Monet and Architecture

The rooms of this exhibition were dark and crowded and hushed, and the paintings on the walls seemed to radiate light, like glowing lanterns. I’m sure I wasn’t the only person drawn to see it by the painting on the poster – Venice painted so beguilingly in hazy, shimmering blue and violet.

Monet is the great painter of air. He paints what we see but also what we sense – what it feels like to be in that place, to have the sun or rain or smoke in your face, to feel the wind and the temperature.  He masterfully visualises the insubstantial, transient elements of experiences – so it seems curious that he was so drawn to paint architecture. This exhibition beautifully explored this relationship in his art between the solidity and structure of buildings and the ephemeral airiness of weather and atmosphere.

Houses of Parliament
The Houses of Parliament, Fog Effect, 1904

In many paintings, the distinction between these dichotomies melts away; the buildings are almost part of the air itself. In London and in Venice he painted the landmark buildings with no land to mark; they seem to be hovering between water and sky. Critics compared the effect to that of music. In The Houses of Parliament, Fog Effect, the industrial fog of the polluted capital becomes a fairytale mist, from which the Neo-Gothic features of Parliament emerge like the castle of Camelot. The canvas is overwhelmed by a multiplicity of different blues, subtly and delicately arranged with resolute brushstrokes. In Venice, Monet was as entranced by the “unique light” as he had been by the London fog. The buildings are not so much buildings as decorative forms, sparkling with the clear Venetian light of Titian and Bellini.

The Doge's Palace.jpg
The Doge’s Palace, 1908

The abstraction of architectural forms is at its height in the Rouen cathedral series. Here the effects of the changing light are projected onto the cathedral, which serves as a kind of screen. The building is a necessary tool to display the real subject of the painting – the light. From afar, the form of the cathedral is evident, but as you get closer the forms dissolve into patches of pure colour. The paint is applied thickly, each brushstroke a flicker of light or shadow playing on the stone surface. Staring at the canvases this close up, the images take on a new kind of beauty, abstract and otherworldy. Stepping back, the cathedral once again comes into focus. Perhaps in response to the expansion of photography, Monet uses architecture to create a painted effect that is impossible to reproduce.

Rouen Cathedral, West Facade, Sunlight
Rouen Cathedral, West Facade, Sunlight 1894

Not all the buildings in these paintings are as ethereal. Monet also used architecture to anchor his compositions, adding solidity to counterbalance transience, or to direct the eye across the canvas. In From the top of the Cliffs, Dieppe, the tiny red-roofed buildings atop the cliff add a sense of scale, giving us a striking image of the grandeur of nature, almost in a Romantic sense. At the same time, the way that they protrude so neatly from the grassy clifftop offsets the hazy horizon to their right, accentuating the softness of the water and so also the delicacy of nature.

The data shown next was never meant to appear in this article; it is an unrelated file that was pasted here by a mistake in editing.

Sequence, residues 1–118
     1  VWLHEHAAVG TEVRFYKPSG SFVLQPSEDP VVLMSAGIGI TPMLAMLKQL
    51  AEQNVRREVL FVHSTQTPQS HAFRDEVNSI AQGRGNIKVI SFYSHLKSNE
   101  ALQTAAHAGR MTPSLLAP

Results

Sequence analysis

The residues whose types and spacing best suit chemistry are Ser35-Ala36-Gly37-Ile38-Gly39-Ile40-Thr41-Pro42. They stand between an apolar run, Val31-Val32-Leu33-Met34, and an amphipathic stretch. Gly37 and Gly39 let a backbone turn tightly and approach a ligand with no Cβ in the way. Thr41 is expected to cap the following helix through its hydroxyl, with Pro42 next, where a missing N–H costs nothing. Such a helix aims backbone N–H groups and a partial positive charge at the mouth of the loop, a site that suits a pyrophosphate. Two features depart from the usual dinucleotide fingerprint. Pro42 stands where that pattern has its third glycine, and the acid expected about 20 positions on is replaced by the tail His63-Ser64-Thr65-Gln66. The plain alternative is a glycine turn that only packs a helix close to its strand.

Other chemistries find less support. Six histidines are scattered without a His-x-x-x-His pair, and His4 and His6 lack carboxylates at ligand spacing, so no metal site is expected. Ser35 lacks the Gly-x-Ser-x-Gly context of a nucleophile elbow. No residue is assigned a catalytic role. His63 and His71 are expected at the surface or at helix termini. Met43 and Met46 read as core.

The Cliffs at Dieppe, 1882
From the top of the Cliffs, Dieppe 1882

In a similar way, the building in The Church at Varengeville refuses to dissolve into the air. Spire pointing heavenwards, it pulls our eye up the bulging cliff face to the blue sky above. Take the church away, and the painting becomes horizontal, the sky as a sort of framing border. With the church, the cliff appears almost like a pyramid, rearing above us, and it is all about the vertical. Monet is playing with the effects of shapes and forms in a way that likens him to Cézanne.

The Church at Varengeville
The Church at Varengeville 1882

Monet’s buildings serve often as a reminder of the human presence within the natural world. The paintings produced from his time in Paris explore a man-made landscape, where the water of the Seine and the trees planted along the streets are framed and organised by the dominating structural forms of the city architecture. These images capture the hustle and bustle of modern city life, and the striking presence of the buildings plays a crucial part in creating this dynamic.

Quai du Louvre.jpg
The Quai du Louvre, 1867

In Argenteuil, a suburb of Paris, Monet captured its energised rebuilding after the Franco-Prussian war, but was also drawn to the effects of weather on the architecture. The buildings in Fog Effect fade into an autumnal mist; they remind us that this patch of earth is not desolate but inhabited, which softens the scene’s bleakness. A delicate plume of smoke from the chimney on the right alerts us to the industrial modernity of the setting.

Fog Effect.jpg
Fog Effect, 1872

In 1895, Monet said in an interview: “Other painters paint a bridge, a house, a boat … I want to paint the air that surrounds the bridge, the house, the boat – the beauty of the light in which they exist.” [1] It is with this that I would summarise this beautiful exhibition: Monet’s architecture is never the focus of the images he created. Whether the buildings dissolve into hazy light or stand like monuments, they are always painted with regard to the air and atmosphere that surrounds them. These paintings were a joy to look at – they demonstrate Monet’s sensitivity, subtlety and genius.

Image sources:

La Grand Canal (featured image):

Houses of Parliament, Fog Effect:

The Doge’s Palace:

Rouen Cathedral, West Facade, Sunlight:

From the top of the Cliffs, Dieppe:

The Church at Varengeville:

The Quai du Louvre:

Fog Effect:,4,18646-artworks-by-oscar-claude-monet-1-chast-351-foto.html

Web source:


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